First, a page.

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(Missing) Without A Trace: The IBM Tapes

Did you read about the missing IBM Tapes? It's almost like another undecipherable episode from "Lost," except it's a car that may have crashed in this case, apparently, and it's tapes that got lost in the aftermath.
Did you read about the missing IBM Tapes? It's almost like another undecipherable episode from "Lost," except it's a car that may have crashed in this case, apparently, and it's tapes that got lost in the aftermath.Those tapes contain some data on some customer accounts, as well as personally identifying data on an unknown number of current and former IBM employees, such as their Social Security numbers, dates of employment, birth date, contact information, and work history.

For a company that sells its security expertise -- IBM is probably raking in big bucks as part of the team of security experts that is helping the TJX companies unravel the hack of the year -- this has to be an embarrassing admission: "We've lost some data, and we can't find it anywhere."

IBM won't say how many tapes, or how many employees have been notified. It did say the tapes were lost without a trace on Feb. 23, and that it started notifying employees in April. A company spokesman told the AP that some of the tapes were encrypted, but not all. The same spokesman declined to tell InformationWeek whether any of the tapes were encrypted, saying only that the tapes "had differing levels of protection."

So where are the tapes? Did they bounce out of the car of the subcontractor that was hauling them off to a storage facility? All IBM seems to know is that it can't find them. The company said it has posted an offer for an "unspecified" reward in several New York papers, which, so far, has failed to turn up the tapes. Maybe IBM should consider contacting a "Medium" to find those tapes -- can't hurt.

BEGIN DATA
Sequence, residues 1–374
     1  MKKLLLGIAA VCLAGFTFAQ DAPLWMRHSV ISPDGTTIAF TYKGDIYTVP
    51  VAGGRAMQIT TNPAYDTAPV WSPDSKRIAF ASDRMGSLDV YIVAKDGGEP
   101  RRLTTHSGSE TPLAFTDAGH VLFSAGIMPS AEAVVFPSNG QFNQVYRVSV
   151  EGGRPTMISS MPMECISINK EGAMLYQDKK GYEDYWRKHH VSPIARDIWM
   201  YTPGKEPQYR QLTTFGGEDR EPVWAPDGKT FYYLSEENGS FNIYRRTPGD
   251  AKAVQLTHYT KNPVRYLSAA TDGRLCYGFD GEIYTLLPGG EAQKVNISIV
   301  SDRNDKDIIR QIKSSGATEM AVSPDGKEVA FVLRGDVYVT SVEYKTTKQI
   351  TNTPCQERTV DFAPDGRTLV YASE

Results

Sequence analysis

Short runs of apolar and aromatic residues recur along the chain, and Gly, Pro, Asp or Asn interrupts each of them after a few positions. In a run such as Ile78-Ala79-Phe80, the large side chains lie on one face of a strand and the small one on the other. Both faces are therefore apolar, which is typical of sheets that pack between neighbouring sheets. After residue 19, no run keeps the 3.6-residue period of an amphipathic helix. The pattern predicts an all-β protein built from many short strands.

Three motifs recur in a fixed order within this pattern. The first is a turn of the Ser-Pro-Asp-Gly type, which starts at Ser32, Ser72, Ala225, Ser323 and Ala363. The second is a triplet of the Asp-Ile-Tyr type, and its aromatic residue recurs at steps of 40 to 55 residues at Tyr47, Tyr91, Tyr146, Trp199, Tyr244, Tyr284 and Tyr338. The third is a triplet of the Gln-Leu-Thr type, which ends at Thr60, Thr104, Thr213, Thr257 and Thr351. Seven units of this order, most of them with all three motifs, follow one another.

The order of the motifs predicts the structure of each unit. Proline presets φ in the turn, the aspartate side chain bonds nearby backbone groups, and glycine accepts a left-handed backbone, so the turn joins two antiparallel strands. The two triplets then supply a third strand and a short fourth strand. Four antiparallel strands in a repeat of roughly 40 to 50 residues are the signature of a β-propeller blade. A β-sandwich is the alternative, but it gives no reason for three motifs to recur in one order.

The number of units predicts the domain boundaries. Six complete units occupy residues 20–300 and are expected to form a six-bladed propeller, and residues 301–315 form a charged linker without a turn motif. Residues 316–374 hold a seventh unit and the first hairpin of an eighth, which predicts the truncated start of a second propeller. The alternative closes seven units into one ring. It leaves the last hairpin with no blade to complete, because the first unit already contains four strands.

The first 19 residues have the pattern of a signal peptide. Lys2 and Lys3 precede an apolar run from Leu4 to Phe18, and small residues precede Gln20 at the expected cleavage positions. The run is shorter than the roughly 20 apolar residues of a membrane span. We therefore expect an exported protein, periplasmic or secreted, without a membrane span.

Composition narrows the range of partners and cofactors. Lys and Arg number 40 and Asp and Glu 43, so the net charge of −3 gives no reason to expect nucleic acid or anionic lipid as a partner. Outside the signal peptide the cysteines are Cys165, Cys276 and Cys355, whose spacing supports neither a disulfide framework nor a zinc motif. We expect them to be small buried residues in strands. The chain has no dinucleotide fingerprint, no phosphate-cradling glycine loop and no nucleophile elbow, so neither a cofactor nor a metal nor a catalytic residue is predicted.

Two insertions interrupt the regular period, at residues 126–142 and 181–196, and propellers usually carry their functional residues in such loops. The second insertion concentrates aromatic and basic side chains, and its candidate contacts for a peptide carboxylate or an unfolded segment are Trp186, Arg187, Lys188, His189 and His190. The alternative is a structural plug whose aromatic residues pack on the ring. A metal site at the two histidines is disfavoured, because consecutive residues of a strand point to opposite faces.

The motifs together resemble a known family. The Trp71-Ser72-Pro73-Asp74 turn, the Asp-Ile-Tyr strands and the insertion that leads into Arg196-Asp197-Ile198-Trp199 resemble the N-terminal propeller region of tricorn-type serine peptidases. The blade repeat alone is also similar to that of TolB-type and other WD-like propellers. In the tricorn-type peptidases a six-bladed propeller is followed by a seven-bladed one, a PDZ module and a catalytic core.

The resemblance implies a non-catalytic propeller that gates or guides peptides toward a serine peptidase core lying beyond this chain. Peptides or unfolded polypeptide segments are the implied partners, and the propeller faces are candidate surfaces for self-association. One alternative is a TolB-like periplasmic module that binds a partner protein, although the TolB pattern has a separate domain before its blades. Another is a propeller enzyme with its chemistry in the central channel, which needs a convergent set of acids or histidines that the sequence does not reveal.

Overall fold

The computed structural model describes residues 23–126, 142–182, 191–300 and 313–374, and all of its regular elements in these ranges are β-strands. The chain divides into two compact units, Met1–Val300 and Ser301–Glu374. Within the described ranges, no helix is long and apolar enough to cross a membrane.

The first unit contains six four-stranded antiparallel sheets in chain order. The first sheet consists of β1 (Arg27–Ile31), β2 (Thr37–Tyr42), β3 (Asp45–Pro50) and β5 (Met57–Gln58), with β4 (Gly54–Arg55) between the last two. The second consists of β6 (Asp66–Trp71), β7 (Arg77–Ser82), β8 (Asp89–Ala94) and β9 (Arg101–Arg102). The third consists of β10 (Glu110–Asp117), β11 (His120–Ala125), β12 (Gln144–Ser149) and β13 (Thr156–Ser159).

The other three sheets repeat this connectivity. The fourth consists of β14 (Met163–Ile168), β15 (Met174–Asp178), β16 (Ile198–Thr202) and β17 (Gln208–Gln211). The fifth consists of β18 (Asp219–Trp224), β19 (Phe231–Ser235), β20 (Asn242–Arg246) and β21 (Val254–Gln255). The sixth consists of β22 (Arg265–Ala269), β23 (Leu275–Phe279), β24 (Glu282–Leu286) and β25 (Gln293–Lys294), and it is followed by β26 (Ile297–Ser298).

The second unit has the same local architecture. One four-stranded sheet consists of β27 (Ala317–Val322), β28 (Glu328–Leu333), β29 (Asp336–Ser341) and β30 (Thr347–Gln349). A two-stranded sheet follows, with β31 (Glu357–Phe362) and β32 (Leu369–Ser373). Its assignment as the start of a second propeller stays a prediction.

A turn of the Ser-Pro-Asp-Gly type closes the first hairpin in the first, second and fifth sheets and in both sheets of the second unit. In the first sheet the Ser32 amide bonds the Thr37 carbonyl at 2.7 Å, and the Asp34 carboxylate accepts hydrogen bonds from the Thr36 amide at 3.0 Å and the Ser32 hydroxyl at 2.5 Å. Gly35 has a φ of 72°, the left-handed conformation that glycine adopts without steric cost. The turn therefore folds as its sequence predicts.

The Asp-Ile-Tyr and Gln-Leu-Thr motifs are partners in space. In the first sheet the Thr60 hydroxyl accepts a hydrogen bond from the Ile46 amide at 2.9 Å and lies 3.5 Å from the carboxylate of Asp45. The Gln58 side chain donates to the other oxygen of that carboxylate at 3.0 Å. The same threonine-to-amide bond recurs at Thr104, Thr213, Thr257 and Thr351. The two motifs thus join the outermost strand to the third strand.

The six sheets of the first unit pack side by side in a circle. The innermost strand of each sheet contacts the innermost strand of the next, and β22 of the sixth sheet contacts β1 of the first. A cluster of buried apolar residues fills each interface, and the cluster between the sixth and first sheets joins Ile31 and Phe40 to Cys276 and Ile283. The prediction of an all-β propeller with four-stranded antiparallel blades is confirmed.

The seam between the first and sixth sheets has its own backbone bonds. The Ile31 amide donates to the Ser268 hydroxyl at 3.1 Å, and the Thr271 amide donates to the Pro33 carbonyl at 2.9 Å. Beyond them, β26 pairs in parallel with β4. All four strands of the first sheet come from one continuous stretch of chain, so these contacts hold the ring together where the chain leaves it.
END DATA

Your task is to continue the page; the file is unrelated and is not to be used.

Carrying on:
What could hurt, though, is the delay between finding out the tapes were missing and then notifying employees. "It took us a while to determine what was on the missing tapes, and then it took a while to line up the credit monitoring and to begin notifying people," said IBM spokesman Fred McNeese.

The first part I get -- of course they have to figure out what tapes were lost, and what was on them. But the second part, um, no. If it were me, and it was my data lurking in the weeds -- or worse -- I'd much rather IBM notified me first and then worried about lining up the credit monitoring. For one -- I can start to monitor my own credit immediately, thank you very much. For another, credit monitoring basically amounts to notification after the fact. You've already been defrauded. If they happen to realize it, they'll let yah know. Which is why these offers of free creditor monitoring for a year don't really amount to much. And that's why the sooner you know your data has been compromised or is a strong candidate for compromise, the sooner you can do what little you can do. For example, if it's credit cards, you can get them changed or canceled or frozen immediately. That could actually be useful if you get notified quickly enough, although it's the one thing no company ever seems willing to do.

Another curious issue -- you'd think a nightmare of a case like TJX (with total losses now pegged at $4.5 billion), where it seems some of the data wasn't encrypted, would raise a red flag, sound the alarm!, put every company on alert!, that "Gee, maybe we better check and see if our data is encrypted." And here's IBM working on that very case....

So if the lessons of TJX seem to have passed your IT department by, why not let IBM's lesson be your wake-up call? As hard it might be to track a computer intruder, it can be even harder to find physical data storage that is simply lost. Hmm, maybe while you're encrypting that data, you might want to consider installing some sort of tracking device. Works for pets, cell phones, and automobiles, why not tape drives and laptops?

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Kirsten Powell, Senior Manager for Security & Risk Management at Adobe
Joshua Goldfarb, Director of Product Management at F5